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When we last reported on Beaver v. Pfizer, the plaintiff’s complaint alleging that the FDA “suggested” that the defendant’s drug be removed from the market had been dismissed because it was a preempted “stop selling” claim.  In any event, as we also pointed out, the plaintiff did not claim the condition that had purportedly prompted the FDA’s suggestion.  The plaintiff’s warning claim had also been dismissed for ignoring the learned intermediary rule.

Since then, however, the Fourth Circuit cut the pro se plaintiff a break – affirming because there was “no reversible error,” but modifying “to reflect dismissal without prejudice.”  Beaver v. Pfizer, Inc., 2023 WL 4839368, at *1 (4th Cir. July 28, 2023) (citing King v. Rubenstein, 825 F.3d 206, 225 (4th Cir. 2016) (pro se dismissals “should generally be without prejudice”)).

A represented plaintiff would probably have followed up that appellate ruling with an amended complaint, but this pro se plaintiff instead filed a second action, in state court, “again alleging negligence.”  Beaver v. Pfizer Inc., 2024 WL 234725, at *1 (W.D.N.C. Jan. 22, 2024) (Beaver II).  It was immediately removed, and assigned to the same judge who had dismissed the first action.

So the Beaver plaintiff was on her second action.

This has not a been a good season for number twos – at least in NCAA Division I women’s basketball.  The pre-season #2, UConn, promptly lost to then unranked NC State.  Then Iowa became #2.  Iowa promptly lost to then unranked Kansas State.  After that, UCLA rose to #2, and held that position for several weeks, before losing to #9 USC (that is Southern Cal, not #1 South Carolina).  That brought Iowa back to #2, but not for long – the Hawkeyes promptly lost to #18 Ohio State.  So UCLA returned to #2, but only for a week, as they promptly lost to unranked Washington State.  That made Kansas State #2, but only for a week, as the Wildcats lost twice, to unranked Oklahoma and again to #12 Texas.  Thus, in thirteen weeks, six #2 ranked teams have lost seven times.

And so did plaintiff Beaver (the Oregon State Beavers are, as of this writing, ranked #18).  Beaver II points out, as did we, that the FDA did not act because of her condition – her only basis for causation was “because her doctor recommended that she stop taking [the drug] due to her disease,” and afterwards her condition allegedly improved.  2024 WL 234725, at *2.  The plaintiff apparently learned nothing from the initial dismissal, because she once again alleged that she would not have been injured if the defendant had removed the drug from the market.  Id.  This same allegation yielded the same result – preemption.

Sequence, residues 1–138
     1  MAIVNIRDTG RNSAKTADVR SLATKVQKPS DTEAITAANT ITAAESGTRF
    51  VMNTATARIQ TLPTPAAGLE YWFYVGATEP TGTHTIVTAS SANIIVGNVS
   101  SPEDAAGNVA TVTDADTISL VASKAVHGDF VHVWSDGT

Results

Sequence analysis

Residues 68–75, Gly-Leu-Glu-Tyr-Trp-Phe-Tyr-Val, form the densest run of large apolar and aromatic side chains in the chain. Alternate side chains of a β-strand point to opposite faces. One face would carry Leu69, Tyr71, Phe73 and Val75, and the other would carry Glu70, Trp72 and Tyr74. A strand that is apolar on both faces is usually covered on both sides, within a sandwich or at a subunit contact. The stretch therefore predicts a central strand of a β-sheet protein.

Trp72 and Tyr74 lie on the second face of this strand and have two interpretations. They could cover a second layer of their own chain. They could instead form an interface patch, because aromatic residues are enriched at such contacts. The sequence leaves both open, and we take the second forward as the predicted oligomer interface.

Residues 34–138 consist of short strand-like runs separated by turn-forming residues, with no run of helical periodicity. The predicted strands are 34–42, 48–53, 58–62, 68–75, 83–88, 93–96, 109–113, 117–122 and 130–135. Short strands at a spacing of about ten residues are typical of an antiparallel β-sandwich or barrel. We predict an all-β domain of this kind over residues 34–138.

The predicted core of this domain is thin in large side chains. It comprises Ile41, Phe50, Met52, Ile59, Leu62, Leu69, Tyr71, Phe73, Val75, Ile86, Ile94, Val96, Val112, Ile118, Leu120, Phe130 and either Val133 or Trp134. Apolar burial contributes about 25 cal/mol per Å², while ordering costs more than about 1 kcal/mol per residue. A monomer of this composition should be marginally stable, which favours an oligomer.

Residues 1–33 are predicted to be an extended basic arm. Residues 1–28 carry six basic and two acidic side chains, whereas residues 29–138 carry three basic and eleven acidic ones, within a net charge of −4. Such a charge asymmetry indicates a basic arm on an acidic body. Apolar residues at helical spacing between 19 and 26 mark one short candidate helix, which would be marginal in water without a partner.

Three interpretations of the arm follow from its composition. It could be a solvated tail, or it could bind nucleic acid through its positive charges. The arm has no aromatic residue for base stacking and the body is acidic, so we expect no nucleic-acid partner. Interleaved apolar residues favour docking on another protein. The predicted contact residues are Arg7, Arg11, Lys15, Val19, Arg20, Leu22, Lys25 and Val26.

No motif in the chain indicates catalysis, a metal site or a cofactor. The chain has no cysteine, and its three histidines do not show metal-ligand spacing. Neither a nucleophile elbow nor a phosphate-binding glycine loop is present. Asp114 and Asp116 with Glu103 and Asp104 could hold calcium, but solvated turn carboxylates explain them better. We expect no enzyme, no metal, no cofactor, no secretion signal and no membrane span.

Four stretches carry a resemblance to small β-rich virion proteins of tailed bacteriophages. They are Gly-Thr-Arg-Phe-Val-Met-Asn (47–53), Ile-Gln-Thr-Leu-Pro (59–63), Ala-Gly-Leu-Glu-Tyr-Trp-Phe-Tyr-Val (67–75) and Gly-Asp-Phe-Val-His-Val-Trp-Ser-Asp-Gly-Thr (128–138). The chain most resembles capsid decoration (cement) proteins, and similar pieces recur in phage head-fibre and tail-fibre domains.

Plaintiff asserts a negligence/products liability claim, which is a state law claim.  However, any state-law duty Defendant may have to withdraw [the drug] from the market is preempted because the only way to comply would be to cease production of the drug altogether, the precise theory the Supreme Court rejected in Bartlett.  Moreover, allowing a state-law duty to foreclose the sale of an FDA approved medication . . . would also frustrate the purposes of the FDA’s regulatory scheme.  For these reasons, Plaintiff’s “stop-selling” theory does not state an actionable claim for negligence.

Beaver II, 2024 WL 234725, at *3 (citation omitted).

This time around, however, the plaintiff also argued that the defendant “should have never sold” the drug in the first place, because it was “negligently designed.”  Id.  Thus, Beaver II addressed the pre-approval design defect theory we have repeatedly criticized. Beaver II agreed with us.  The “‘should have never sold’ theory is inconsistent with the Supreme Court’s ruling in Bartlett.”  Whether before or after FDA approval, “a pharmaceutical company cannot be made to cease acting to avoid liability.”  Id.  Any form of don’t sell theory is at odds with the FDCA, “as the FDA is tasked with determining whether a drug may be sold in interstate commerce.”  Id. (citation omitted).

Further, to state a claim under North Carolina law, the plaintiff’s negligent design theory must either allege an alternative design or that the design was “so unreasonable” that no reasonable person would “use or consume” it.  Id. at *3-4 (quoting N.C. Gen. Stat. §§99B-6(a)(1)-(2)).  Plaintiff alleged no facts to support either prong.  “Plaintiff has not made any allegations regarding the existence of a reasonable alternative design for [the drug], nor has she alleged that the drug is so unreasonably designed that a reasonable person would not use it.”  Id. at *4.  “[E]ven a pro se plaintiff . . . must allege sufficient facts ‘to raise a right to relief above the speculative level.”  Id. (quoting the aforementioned King decision).  Thus “Plaintiff’s second attempt to state a claim against Defendant for negligence based on these same facts,” was dismissed “with prejudice,” id., and we defense counsel have another good decision for why stop-selling, and never-start selling, claims are preempted.

And later today, we’ll find out who is unfortunate enough to be #2 for Week 14.